Great communication and exceptional creativity are two hallmarks of having an excellent company culture. During a conversation with a client last week I was pointed in the direction of Ed Catmull's book Creativity, Inc: Overcoming the Unseen Forces That Stand in the Way of True Inspiration. As I still cling to the past in the same way one does to the lead of a German Shepherd who is straining to be unleashed, I am still yet to make the transition over to Kindle and therefore ordered the paperback version online.

Whilst I was waiting for it to arrive, I looked online to see if there were any interviews with Ed Catmull, who is currently the president of both Pixar and Walt Disney Animation Studios. I wasn't disappointed. There are tons of interviews with the man himself which can be easily sourced on YouTube, and whilst I eagerly awaited the postman's knock, I watched a couple of videos to sate my appetite.

One word sums up Ed Catmull - inspirational. His approach to creativity, communication and change management is so simple, yet clearly it is monumentally effective. When Disney decided to buy Pixar for $7.4 billion in 2006, the merger created an interesting dichotomy. On one side you had the phenomonally succesful Pixar, whose unique culture had fostered some of the most innovative and successful films in history. On the other was Disney, a studio with an incredible heritage and without whose influence Pixar certainly wouldn't be where they were, but also whose output over the recent years had been experiencing a notable decline in quality.

When the companies merged, Catmull and executive vice-president John Lasseter, the man credited as being the creative driving force behind Pixar, realised that this situation needed to be handled very delicately. It is important at this point to articulate why it was that Pixar was the subject of such a huge offer from Disney in the first place.

Pixar's company culture is what makes them so successful. They operate within an environment which is designed so that every employee can feel safe to fail and make mistakes. They believe that if you fail together and stay together, you create a special type of unity within that group, so that when your big chance comes along, you are perfectly setup to tackle any problem as a team because you share a vision and will fight for one another.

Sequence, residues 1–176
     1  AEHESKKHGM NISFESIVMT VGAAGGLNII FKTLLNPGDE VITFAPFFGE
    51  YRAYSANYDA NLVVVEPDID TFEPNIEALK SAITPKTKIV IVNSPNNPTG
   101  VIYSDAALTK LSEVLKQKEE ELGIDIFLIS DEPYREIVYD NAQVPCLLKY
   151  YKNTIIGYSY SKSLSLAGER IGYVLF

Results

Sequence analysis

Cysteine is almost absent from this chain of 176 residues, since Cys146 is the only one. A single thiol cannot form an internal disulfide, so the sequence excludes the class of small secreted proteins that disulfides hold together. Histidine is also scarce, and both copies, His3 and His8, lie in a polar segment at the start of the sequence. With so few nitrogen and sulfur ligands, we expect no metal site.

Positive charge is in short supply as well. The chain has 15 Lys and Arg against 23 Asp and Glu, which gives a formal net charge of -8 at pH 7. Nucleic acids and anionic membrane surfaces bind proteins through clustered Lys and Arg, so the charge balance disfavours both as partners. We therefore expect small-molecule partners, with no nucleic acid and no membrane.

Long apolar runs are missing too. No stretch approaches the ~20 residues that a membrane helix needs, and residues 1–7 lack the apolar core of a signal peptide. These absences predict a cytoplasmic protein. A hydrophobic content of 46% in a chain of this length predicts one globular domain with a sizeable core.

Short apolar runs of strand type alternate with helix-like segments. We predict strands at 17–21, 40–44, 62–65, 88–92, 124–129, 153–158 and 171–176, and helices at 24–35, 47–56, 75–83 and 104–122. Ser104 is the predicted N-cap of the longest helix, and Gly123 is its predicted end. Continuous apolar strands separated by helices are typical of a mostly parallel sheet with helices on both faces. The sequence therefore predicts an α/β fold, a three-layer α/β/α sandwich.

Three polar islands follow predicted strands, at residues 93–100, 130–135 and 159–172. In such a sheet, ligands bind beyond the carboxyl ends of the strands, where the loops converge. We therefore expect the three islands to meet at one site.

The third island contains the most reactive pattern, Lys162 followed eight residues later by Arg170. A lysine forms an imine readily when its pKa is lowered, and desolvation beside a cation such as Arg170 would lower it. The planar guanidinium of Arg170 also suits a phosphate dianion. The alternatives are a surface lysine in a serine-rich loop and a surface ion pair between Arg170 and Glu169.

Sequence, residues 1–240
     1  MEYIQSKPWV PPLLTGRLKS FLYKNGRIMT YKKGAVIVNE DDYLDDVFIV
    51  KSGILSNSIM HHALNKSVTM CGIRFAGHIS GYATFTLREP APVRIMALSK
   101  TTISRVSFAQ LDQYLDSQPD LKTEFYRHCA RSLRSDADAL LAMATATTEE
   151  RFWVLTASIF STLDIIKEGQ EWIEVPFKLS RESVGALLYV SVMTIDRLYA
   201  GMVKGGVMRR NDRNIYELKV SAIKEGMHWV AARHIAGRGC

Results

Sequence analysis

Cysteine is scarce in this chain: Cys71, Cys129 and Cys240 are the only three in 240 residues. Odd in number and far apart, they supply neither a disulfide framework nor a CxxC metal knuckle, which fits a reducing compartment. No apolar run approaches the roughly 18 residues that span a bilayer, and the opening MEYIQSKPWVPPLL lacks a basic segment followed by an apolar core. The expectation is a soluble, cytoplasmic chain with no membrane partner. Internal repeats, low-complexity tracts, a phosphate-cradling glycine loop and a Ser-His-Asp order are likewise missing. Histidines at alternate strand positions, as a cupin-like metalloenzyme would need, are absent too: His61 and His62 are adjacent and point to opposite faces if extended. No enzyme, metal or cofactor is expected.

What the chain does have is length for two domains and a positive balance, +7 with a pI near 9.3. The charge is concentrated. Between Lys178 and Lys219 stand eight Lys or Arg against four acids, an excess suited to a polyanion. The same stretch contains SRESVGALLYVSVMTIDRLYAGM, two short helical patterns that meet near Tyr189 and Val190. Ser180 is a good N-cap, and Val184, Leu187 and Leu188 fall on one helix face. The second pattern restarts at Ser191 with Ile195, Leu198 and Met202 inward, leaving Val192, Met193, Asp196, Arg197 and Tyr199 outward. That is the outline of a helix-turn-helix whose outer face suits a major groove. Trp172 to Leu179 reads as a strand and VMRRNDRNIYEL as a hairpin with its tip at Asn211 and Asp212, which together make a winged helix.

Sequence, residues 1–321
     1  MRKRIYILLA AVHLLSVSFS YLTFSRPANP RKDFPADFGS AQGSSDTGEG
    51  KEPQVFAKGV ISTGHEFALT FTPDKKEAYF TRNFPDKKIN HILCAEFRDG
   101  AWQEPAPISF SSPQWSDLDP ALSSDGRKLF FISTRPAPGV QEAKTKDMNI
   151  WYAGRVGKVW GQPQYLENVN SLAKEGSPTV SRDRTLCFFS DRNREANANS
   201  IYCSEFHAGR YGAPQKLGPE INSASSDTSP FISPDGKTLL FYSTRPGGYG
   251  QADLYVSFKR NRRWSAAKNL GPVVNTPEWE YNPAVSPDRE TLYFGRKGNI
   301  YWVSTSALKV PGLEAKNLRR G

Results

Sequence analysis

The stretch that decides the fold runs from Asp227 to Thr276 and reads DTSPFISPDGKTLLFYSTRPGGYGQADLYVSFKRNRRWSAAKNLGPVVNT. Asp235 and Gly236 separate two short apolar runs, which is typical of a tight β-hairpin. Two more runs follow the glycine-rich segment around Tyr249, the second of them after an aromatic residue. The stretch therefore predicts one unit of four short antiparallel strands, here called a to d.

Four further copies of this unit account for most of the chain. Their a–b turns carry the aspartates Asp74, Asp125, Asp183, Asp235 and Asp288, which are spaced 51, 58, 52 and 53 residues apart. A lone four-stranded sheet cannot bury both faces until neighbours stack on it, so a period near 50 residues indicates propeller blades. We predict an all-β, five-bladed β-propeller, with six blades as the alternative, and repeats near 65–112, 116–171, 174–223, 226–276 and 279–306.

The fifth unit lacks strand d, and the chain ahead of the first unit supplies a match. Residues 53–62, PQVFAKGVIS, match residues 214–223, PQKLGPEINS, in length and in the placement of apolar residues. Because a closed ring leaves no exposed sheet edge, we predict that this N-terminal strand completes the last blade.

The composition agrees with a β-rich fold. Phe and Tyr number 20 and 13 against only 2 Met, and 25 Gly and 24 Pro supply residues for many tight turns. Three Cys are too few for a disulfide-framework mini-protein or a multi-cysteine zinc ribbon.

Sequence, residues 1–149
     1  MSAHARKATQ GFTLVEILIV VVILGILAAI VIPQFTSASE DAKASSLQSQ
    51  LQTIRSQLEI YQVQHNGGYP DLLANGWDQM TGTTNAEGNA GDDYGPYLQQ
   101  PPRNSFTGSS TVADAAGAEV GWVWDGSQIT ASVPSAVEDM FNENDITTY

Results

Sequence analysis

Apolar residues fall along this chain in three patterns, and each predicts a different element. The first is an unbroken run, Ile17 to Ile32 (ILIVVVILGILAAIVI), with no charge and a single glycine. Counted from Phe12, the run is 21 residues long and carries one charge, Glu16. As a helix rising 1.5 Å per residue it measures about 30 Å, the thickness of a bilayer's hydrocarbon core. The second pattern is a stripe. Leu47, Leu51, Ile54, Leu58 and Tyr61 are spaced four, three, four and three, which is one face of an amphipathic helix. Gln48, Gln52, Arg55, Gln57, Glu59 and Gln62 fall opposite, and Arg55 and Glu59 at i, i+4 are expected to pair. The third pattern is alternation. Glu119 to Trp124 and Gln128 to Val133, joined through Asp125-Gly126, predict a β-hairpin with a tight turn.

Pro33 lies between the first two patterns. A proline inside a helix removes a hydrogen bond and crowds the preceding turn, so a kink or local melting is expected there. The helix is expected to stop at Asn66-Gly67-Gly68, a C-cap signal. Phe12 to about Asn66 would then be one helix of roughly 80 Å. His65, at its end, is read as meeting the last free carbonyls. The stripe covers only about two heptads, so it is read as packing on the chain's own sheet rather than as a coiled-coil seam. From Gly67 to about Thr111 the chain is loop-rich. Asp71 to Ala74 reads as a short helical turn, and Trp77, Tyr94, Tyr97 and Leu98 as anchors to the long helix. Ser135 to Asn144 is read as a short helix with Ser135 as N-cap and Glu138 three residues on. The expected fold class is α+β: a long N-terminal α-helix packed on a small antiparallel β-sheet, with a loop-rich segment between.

They also believe that in order to tell great stories, you have to put quality ahead of everything else. Famously during the creation of Toy Story 2, they made a huge change in direction very late on in production. In Catmull's own words:

"You don't know when you are going to hit that truly catastrophic moment on a project...sometimes you will get clues, sometimes you won't. The most important thing is hold on to the emotional core of the story and use that to navigate by. If it means making really big changes last minute, that's what needs to happen, because the quality of the story cannot be compromised."

This mindset is what convinced both Catmull and Lasseter to put up mechanisms to protect the culture at Pixar, as their people were understandably nervous that the merger would lead to big changes in the way that they worked. Their next decision was ensure that both Pixar and Disney studios were to be kept absolutely separate and were strictly forbidden from doing any production work for one another. They then took the principles and philosophy of Pixar and applied it to Disney, who at that time were failing.

Explaining their braintrust and the importance of having a healthy creative culture was one thing. Putting it into practice was another. An environment of safety isn't something you can just give to a group of people, it has to be earned. It took between two to four years for everything to finally click and come together, but it most certainly did happen.

Disney hit both a huge financial and critical success with Tangled in 2010, and last year Frozen surpassed Toy Story 3 as the highest grossing animated movie in history. The important thing is that Disney did this entirely on their own and without any help from Pixar studios. They changed the culture, not the people!

"Most people are creative, and most people want to do well. The issue is not how do you make them be more creative, it's how do we remove the barriers. The barriers are systemic, and hidden, and hard to get at, but if we get rid of them, we then enable those people to become their better selves".